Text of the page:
Fort Worth, Texas

Fort Worth is a city that still preserves the heritage of the Old West and is considered one of Texas's best cities. Located along the Trinity River, the city has witnessed many battles and is still rich with South Western American history. Some still consider Fort Worth as a suburb of Dallas, yet it is independent with a flavor of its own. It is rich with history, culture, diversity, and sound, hard-working people who strive to make their city a better place to live. 

Geography And Climate Of Fort Worth

Skyline of Fort Worth, Texas at night
Skyline of Fort Worth, Texas, at night. 

The city is situated beautifully within the rolling hills of the Great Plains region. It is located in the north-central territory of Texas and is considered one of its major cities. Officially it is the seat of Tarrant County. Fort Worth is situated about 30 miles away from Dallas. Fort Worth covers a total area of 904 sq. km, of which 18 sq. km is covered by water, and 886 sq. km is occupied by land. Fort Worth is the second-largest and the main city of the "Dallas-Fort Worth metroplex." 

Fort Worth experiences a humid subtropical climate. The long, hot, and humid summers and short, mild winters are what characterize the city, in addition to supercell thunderstorms that can produce tornadoes. Temperatures reach a peak of 29.4°C in the summer and a minimum of 8°C in the winter. Annual precipitations are an average of 35.34 inches.

Brief History Of Fort Worth

Historical Fort Worth Courthouse
Historical Fort Worth Courthouse. 

Fort Worth was strategically meant to be a military outpost to defend the settlers from Indian raids and attacks. Major Ripley Allen Arnold was a key figure in establishing this town, and the city was named after Major General William Jenkins Worth, commander of U.S. troops in Texas. In 1853, after the army left, the settlers began to move close to the area. This resulted in the expansion of the community and the beginning of economic and demographic growth in Fort Worth.

The Population And Economy Of Fort Worth

Fort Worth Stockyards historic District in Fort Worth, Texas
Banner at the Fort Worth Stockyards Historic District, former livestock market, now a main tourist attraction in Fort Worth, Texas. Editorial credit: T photography / Shutterstock.com

The U.S. census in 2020 recorded 958,692 residents in Fort Worth. According to the census, Fort Worth is the fifth-largest in Texas and the thirteenth-largest in the U.S. The annual population growth rate is 1.74%, and the population density is 1021.65 inhabitants per sq. km. By 2040, the population will reach a staggering 1.2 million residents. The growth rate and the population density are causing horrible traffic, a lack of community service funding, and late police response time. The community is considered a young one with a median age of 32.6 years. The median age for males is 32 years, and for females, 33.3 years. The most recent American Community Survey reveals the city's diverse racial composition. Although Whites are dominant with 63.7%, other races have a significant presence, like the African American community with 18.9% of the city's population and the Asian community with 4.56%. Others are also present, like the Native Americans at 0.47% and the Native Hawaiians at 0.08%. People of mixed races form 3.19% of the population, while other unaccounted races form 9.03%.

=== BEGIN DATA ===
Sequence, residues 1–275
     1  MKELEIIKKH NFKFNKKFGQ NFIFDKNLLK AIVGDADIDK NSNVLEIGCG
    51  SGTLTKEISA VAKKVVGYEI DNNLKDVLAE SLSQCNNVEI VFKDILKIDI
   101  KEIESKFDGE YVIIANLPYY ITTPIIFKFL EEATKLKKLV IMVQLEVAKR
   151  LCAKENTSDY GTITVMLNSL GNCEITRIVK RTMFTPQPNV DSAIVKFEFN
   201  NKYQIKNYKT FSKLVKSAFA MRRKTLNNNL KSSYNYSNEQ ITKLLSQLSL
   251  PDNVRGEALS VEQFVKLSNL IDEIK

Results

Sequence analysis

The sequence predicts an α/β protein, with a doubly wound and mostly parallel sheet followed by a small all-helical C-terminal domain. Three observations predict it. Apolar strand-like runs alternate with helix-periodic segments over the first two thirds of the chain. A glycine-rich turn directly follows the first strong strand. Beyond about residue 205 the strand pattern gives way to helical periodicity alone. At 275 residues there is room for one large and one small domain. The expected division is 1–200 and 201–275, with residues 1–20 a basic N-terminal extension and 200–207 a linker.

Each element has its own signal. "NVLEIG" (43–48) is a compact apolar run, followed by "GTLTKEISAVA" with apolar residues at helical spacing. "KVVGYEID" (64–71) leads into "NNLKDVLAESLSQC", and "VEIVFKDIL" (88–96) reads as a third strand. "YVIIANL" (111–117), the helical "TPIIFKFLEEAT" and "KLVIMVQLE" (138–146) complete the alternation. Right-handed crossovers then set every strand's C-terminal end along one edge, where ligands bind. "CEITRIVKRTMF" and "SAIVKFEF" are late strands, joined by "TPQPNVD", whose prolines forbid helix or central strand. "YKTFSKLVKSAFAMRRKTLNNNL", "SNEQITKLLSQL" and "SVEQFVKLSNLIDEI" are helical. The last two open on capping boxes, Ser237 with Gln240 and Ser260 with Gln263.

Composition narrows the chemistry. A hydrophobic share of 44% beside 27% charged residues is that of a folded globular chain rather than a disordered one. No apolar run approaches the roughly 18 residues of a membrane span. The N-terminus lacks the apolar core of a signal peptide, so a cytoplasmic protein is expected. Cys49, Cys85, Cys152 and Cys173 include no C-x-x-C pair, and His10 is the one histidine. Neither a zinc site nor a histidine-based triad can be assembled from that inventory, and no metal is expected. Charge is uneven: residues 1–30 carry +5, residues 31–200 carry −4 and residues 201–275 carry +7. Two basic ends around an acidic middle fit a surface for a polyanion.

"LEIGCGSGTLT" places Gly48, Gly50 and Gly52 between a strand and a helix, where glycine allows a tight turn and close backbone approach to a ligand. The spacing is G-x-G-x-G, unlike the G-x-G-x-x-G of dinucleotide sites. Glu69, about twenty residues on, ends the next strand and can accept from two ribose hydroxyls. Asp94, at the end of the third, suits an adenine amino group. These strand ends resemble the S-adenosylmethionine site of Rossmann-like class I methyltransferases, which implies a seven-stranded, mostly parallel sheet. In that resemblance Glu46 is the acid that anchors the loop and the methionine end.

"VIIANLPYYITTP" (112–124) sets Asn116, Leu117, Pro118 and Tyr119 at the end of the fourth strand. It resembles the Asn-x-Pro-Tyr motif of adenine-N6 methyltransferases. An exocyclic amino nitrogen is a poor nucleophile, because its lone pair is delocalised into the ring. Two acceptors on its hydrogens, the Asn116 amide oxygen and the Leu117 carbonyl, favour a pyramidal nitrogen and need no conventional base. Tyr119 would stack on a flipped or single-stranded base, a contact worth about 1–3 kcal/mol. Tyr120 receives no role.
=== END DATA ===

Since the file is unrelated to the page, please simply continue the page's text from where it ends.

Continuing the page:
The average household income in the city is $82,977, which is higher than the U.S. average. However, the city still has a high poverty rate of 14.49%. Houses are relatively affordable, with a median rental cost of $1,060 per month and a median house value of $169,700. In the 1870s, the city was known for its cattle shipping before the arrival of the railways. After the railways arrived, it became a meat-packing center in the Southwest till the 1920s. Then, the area began to witness oil finds which resulted in the development of the oil & petroleum refinement industries. During the events of World War II, the city began to host aircraft manufacturing factories. Although the city still relies on the cattle and food processing industries, the economy is widely diversified. It includes many manufacturing businesses like electronics, automobiles, and aircraft equipment. The transportation sector also significantly contributes to the city's economy. Headquarters of several central rail and airline corporations are located in Fort Worth. 

Landmarks In Fort Worth

Amon Carter Museum of American Art in Fort Worth, Texas
Amon Carter Museum of American Art in Fort Worth, Texas. Editorial credit: Philip Lange / Shutterstock.com

Since the city's revitalization in the 1980s, Fort Worth has become the place for many cultural and touristic attractions. These attractions include museums, convention centers, ballet, opera companies, lakes, and other annual events. Fort Worth's Will Rogers Memorial Center is a primary touristic and cultural site. It has a coliseum and an auditorium that hosts many musical and artistic events. The Amon Carter Museum is also a famous cultural attraction. It is home to a fine collection of paintings by renowned American Artists. The Fort Worth Convention center is located in the downtown district and is a significant landmark. It spans 14 city blocks and contains impressive commercial and touristic attractions like restaurants, shops, western-themed festivals, and rodeos. The best rodeo is held in January at The Southwestern Exposition Livestock Show and Rodeo. Sports have their fair share of the market. The Texas Motor Speedway - one of the most extensive sports facilities in the country, is located in the northern part of Fort Worth.  

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